Many new voice actors creating their own demos will go to websites that have libraries of thousands of voiceover scripts. While technically you can use them, I highly recommend that you don’t. I did for my initial demos, but the problem is that thousands of other voice actors are using the same scripts. I still have plenty of demos that contain these, but they’re not the demos that I’m putting in front of casting directors, production houses, and agents. They will hear those scripts and know right away that you’re an amateur, not only because they’re not unique, but more so because they tend to be very dated. 

Edge Studio has a huge library of scripts better for practice than demos.

I recommend using portions of scripts that you’ve recently auditioned for, or jobs you’ve already completed, as long as there’s not a non-disclosure agreement (NDA) involved.  You’re only going to be using two or three sentences from each script, tops, and these are legally covered under the Fair Use Act, so you don’t have to worry about copyright violations or infringements. I also recommend recording the audio from TV or radio commercials on the air right now, and just transcribing the text. 

All of this being said, I can’t provide any guidance on what types of scripts or styles of speaking will suit you best as a voice actor for your demo. This is why you need a good coach to give you guidance. If you don’t know what voiceover styles your best at, or exactly what your range is and what you’re capable of, stop now , back away slowly, then come back when you do.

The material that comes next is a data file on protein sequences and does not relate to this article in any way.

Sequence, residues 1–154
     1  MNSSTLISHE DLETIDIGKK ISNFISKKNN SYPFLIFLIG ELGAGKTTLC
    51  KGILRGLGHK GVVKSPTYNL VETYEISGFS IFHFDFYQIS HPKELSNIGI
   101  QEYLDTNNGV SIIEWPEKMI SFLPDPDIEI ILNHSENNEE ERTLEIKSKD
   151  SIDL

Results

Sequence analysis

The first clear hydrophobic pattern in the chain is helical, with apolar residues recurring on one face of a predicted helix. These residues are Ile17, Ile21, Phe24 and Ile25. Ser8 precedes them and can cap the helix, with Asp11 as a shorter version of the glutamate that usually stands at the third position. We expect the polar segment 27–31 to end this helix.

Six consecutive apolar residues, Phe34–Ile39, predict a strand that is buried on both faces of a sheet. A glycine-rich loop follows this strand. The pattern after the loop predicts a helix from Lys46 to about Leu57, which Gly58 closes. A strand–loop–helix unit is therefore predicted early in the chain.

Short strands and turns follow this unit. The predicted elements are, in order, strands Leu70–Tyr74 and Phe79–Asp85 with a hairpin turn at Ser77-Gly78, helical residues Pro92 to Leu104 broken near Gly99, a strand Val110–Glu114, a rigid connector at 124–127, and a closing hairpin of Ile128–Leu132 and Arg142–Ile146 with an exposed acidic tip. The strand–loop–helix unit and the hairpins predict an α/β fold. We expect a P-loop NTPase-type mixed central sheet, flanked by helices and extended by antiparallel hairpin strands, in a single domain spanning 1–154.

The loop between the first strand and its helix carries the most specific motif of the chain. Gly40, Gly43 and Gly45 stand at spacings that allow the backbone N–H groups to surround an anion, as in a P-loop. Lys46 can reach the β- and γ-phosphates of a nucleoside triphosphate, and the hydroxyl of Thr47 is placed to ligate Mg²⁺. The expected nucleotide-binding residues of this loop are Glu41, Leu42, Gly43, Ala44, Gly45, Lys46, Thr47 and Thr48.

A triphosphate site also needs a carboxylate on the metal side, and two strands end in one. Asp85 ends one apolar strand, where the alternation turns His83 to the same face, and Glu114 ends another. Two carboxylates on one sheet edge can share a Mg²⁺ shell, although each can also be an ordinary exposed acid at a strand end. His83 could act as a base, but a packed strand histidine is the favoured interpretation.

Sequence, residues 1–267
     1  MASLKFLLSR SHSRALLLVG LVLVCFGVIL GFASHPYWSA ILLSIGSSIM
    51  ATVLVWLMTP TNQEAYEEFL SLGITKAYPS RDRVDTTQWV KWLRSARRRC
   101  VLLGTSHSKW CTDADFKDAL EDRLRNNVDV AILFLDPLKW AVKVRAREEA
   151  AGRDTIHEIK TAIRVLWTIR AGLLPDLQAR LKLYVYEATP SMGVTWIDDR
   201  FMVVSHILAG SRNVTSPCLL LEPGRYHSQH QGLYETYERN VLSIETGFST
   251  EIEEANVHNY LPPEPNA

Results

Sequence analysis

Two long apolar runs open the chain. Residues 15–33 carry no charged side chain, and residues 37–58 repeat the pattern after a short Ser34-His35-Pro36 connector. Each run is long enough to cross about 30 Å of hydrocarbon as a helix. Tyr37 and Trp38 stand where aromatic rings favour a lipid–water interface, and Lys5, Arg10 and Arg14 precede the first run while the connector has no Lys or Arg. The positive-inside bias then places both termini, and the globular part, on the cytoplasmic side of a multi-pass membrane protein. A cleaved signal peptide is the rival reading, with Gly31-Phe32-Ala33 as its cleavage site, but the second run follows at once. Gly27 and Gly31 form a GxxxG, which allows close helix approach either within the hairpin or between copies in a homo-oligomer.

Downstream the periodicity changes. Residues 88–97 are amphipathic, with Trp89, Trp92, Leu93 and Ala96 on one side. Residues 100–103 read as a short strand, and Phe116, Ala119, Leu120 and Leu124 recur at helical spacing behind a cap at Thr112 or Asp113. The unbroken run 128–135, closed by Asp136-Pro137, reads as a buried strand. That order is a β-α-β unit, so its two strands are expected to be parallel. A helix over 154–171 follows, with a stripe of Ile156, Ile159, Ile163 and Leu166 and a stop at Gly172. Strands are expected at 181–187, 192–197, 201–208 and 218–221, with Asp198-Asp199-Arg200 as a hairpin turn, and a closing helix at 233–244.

Step 3: Record and edit each clip to absolute perfection

This is where your auditioning and editing experience is going to come into play. I don’t feel the need to go into much detail here, as you should know already what it takes to create a top-notch broadcast-quality recording from your home studio. This means taking out all the breaths, equalizing all the plosives, eliminating every click and pop. Yes, the music can technically cover up some of the flaws in the vocal, but you should never rely on this as a corrective measure for a bad vocal track. 

But while you’re doing this, make sure that your voice still sounds like you. Your demo is meant to show off the best of what you can do, and how great a studio can make you sound for a potential job. However, it’s no good if the studio has to work too hard to re-create the voice you “Frankensteined” in an over-processed demo. Just make sure the audio is as clean, clear, and crisp as possible, and that it sounds like you.